The post below on 309 Round Hill Road spurred me to look for images of the 1970s home and not only did I find some, I stumbled across this horrifying news: the look may be coming back.
[E] ven if you’re not looking to create a retro-room, the ’70s was not the design debacle era that you might think it was. Much of what came to be during that decade is highly adaptable to our 21st century.
Take a look at some examples.
Shag Carpets and Rugs
Shag carpets are one item that was very popular in the 1970s. They are still available at some carpet outlets. They can be found in gold and brown tones that were so popular back in the day. A more ‘controlled’ alternative in recent years has been the shag area rug, very often contrasted to the smoothness of a wood floor, or a tile floor.
These have already metastasized in Greenwich
The eat-at bar and decorative stools were also common in the 1970s and are a simple addition to your home. The bars traditionally included storage space for kitchen items with a tabletop that was smooth and colored to match your kitchen.
309 Round Hill Road
309 Round Hill Road, which came on the MLS yesterday as a residential listing asking $1.950 million, was also listed as land today, for the same price, naturally. It’s just 2 acres in the 4-acre zone and abuts the Parkway, so I don’t expect it to fly off the shelf, but the fact that a 1973 home is already considered both disposable and of no value is sort of interesting.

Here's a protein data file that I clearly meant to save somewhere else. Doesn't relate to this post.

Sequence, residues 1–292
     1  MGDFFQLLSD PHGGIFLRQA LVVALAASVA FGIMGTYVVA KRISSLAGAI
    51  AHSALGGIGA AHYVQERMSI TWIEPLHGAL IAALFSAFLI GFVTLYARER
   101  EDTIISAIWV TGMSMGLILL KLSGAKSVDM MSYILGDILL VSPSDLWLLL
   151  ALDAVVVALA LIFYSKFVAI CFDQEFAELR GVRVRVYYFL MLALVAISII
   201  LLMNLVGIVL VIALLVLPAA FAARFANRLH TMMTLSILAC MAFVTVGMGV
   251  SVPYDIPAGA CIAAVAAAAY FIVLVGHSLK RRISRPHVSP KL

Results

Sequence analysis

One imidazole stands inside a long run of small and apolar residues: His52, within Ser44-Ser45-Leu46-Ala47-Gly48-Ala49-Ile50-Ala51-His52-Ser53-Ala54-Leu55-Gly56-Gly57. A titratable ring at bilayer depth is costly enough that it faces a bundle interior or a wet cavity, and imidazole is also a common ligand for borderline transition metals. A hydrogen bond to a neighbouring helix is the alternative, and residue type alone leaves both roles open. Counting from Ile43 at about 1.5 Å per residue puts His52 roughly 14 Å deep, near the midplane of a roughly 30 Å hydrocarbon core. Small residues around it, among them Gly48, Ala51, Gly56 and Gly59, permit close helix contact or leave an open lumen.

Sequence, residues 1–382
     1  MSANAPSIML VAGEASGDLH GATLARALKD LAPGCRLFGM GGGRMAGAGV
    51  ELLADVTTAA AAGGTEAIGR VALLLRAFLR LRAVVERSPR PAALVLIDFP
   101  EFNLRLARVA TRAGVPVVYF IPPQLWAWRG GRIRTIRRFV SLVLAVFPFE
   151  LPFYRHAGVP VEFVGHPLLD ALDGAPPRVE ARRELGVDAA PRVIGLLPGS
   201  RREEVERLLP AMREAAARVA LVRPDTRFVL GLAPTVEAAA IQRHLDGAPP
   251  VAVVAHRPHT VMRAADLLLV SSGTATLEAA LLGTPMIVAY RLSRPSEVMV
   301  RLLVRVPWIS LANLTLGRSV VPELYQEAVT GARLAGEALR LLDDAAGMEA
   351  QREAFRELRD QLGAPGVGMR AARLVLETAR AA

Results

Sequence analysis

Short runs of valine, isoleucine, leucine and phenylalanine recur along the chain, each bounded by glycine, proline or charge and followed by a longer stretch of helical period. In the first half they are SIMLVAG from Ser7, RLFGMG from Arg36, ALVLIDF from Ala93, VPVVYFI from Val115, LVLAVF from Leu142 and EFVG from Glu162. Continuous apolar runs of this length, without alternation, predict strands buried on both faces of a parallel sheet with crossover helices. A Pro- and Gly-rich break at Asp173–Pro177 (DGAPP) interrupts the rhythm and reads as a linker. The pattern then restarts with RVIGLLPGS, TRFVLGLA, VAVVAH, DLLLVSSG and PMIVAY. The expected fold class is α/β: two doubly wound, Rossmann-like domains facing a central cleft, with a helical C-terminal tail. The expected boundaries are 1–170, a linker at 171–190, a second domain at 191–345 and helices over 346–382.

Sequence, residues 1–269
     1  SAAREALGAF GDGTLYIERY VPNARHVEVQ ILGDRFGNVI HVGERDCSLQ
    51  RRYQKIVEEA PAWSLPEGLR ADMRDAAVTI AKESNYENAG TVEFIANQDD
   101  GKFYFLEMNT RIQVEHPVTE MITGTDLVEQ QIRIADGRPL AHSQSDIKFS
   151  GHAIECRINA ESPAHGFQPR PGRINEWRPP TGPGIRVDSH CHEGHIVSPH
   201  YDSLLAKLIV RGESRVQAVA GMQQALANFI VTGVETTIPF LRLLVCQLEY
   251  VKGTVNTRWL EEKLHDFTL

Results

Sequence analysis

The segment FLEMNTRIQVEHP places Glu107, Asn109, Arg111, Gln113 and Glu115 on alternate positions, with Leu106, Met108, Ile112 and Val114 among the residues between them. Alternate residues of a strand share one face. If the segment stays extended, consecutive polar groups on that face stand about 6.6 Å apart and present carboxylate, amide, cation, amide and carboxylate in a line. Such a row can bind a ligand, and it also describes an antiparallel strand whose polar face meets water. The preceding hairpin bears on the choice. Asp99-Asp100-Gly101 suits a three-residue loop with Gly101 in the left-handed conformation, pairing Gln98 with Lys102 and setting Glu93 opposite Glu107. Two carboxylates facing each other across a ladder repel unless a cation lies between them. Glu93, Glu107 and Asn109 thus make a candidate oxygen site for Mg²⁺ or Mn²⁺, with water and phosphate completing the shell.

Not that I disagree: 1973 was not known for its architectural triumphs and this one represents that epoch perfectly, with its vertical siding, detached garage and limited space.
Still, I know some people born in that decade and I’m not certain they’re disposable, yet.
UPDATE: But some may be. Out of curiosity, I just looked up Peter Tesei to see when he was born: 1969. That’s close enough for him to be lumped in with 70s architecture, I think.
I wonder if, someday, my boy will grow up to be a justice of the Supreme Court?
Obama will nominate U.S. District Court of Appeals judge Merrick Garland, a 63-year-old white Jewish male Harvard Law graduate, to replace Anton Scalia today, thus continuing a tradition of appointing only judges who matriculated at Harvard or Yale.
“Quite frankly,” the president told FWIW, “there are no other law schools worth any sort of attention, and besides, with all 8 surviving justices coming from those schools and still mourning the loss of another Harvidian, I’d hate to make them uncomfortable by forcing them to rub shoulders with some bit of white trash from, say, the University of Chicago. I mean diversity is one thing, breaking tradition is another.”
There’s not a chance in Hell this poor sacrificial lamb is going to see the Supreme Court doing Obama’s tenure, but it’s a safe bet that the person who’s next nominated will also be a grad of the requisite Ivy.
Unless Trump wins; then all bets are off – he might even return to the old practice of picking non-judges.